We’ve officially entered the age of analytics in sports, according to a recent study by Betway, data is controlling how teams build rosters across all major leagues.
It started in baseball, then trickled down to the NBA, but now it’s made its way to the NHL, and the impact is already being felt. Sure, it’s taken 24 years of planning, and an additional six years of development for trackable pucks, but the technology has now been implemented.
Analytics drive insights, and insights allow teams to make decisions regarding their strategy — on both sides of the ice — as well as who are the players carrying it out. And given that it’s had such a big impact in other sports, it’s safe to say analytics aren’t going anywhere. Instead, they’ll just continue to build and grow on what’s already been established.
As far as the technology goes, data is collected with sensors fitting around ice rinks, as well as inside the puck and in players’ shoulder pads. NHL Senior Vice President of Business Development David Lehanski believes it can get fans more engaged during games, and also increase revenue for the league. Adding on to what he said, it can also hopefully help fans become more educated about the sport they follow as well, which will make for better discussion before, during and after games.
With that said, there are a few areas where analytics could help change the game of hockey, and usher in a new era on the ice.
Real-Time Performance Assessment
Hockey, like football, is played at an extremely fast speed, and it’s tough for both fans and officials to see the entire rink as a whole. Rather, they’ll often focus on a specific quadrant instead. However, analytics could help players, managers and coaches track every inch of the ice, with 2,000 data points per second across all tracking devices. Included in that number is statistics about puck speed, player possession, distance skated and other metrics. Most importantly, these are all live-streamed directly to managers’ devices during games, so they can make adjustments on the fly.
These improvements will allow coaches to have a better idea into how the players are performing during games, so it can have an impact on which lines they trot out on the ice, and how long they’re out there.
Player Health And Fitness
Wearable technology has taken the world by storm, and it continues to grow in use, so sports are beginning to implement it as well. In hockey, it’s come in the form of sensors in shoulder pads, which can monitor players’ health and fitness during games, which can be valuable for managers who are looking to control their minutes. It’s especially important for veterans, whose health can sometimes be jeopardized by playing too much. Not only that, it can also come in handy for players who are coming off injuries and on minutes restrictions.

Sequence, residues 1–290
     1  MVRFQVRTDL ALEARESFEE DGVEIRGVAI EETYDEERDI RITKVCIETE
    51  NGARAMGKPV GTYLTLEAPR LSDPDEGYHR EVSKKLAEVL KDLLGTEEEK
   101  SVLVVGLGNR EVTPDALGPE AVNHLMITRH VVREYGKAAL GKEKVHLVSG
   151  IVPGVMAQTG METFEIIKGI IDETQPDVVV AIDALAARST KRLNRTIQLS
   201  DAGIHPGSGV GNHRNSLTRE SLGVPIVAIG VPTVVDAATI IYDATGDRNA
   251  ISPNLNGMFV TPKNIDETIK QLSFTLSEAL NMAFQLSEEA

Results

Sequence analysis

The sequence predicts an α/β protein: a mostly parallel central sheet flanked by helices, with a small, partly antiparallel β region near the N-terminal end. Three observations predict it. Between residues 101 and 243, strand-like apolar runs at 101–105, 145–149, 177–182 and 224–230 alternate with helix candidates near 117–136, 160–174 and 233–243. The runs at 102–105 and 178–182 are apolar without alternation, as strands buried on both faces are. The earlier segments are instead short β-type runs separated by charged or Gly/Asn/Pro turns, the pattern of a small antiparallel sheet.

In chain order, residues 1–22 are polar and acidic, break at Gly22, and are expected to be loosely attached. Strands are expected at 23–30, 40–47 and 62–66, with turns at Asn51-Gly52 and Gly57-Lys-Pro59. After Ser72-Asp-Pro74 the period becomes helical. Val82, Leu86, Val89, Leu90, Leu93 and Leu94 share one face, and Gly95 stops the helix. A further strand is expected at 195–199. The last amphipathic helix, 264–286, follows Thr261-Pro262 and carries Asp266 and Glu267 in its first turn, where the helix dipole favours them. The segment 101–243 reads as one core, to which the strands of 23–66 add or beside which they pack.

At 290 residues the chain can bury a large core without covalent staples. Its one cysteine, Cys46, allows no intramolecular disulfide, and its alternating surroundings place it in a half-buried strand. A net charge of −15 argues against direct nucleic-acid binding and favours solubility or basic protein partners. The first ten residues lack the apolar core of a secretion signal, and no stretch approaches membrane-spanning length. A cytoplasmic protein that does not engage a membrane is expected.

This technology will be vital in the NHL, as it’s a league where nearly 51 percent of players have missed at least one game due to injury each season. So, rather than looking at their own version of load management, having players miss action, they can instead manage minutes using wearable technology.
It’s no secret that fans across all sports have had issues remaining engaged during games, and sometimes they elect to have a conversation in the concourse area or in a suite, rather than rooting on their team. Not only that, as it relates to the NHL, attendance across the league has declined over the past few seasons.
However, there’s hope that delivering this data to fans via an app can help fans stay focused and interested in what’s going on on the ice. Both the NBL and MLB have already gone this route, and the results have gone well thus far. As it relates to hockey, it could show just how fast the game is, with skaters traveling at an average of 20 mph. This type of app could also display other important aspects of attending games, such as seating charts and parking availability, or how to find the nearest bathroom. Or, if fans are looking for a more game-centric perspective, they could find out who has the fastest shot of the game.
The data is powerful for the league as well, as they’ll be able to decipher which teams are drawing the most support during games, and how they can target their advertising campaigns. Getting access to fans’ preferences is extremely advantageous for the NHL.
Discovering New Talent
NHL seasons don’t come and go quickly, as each team plays 82 total games, so it can be tough to focus in on one player at a time. It’s a team game, and also a league where superstars draw a good chunk of the focus — and money — from teams, so analytics and player tracking could help managers decipher which role players have been stepping up and performing.
This technology could also help minor league teams as well, giving scouts the data to analyze for players they may be interested in drafting, rather than traveling around the country — and sometimes the world, too — watching hundreds of games. It will give teams a much better and broader insight into who they may be interested in drafting and developing within their organization.
Big data is here to stay in the NHL, and fans, players, scouts and managers will all be better off for it.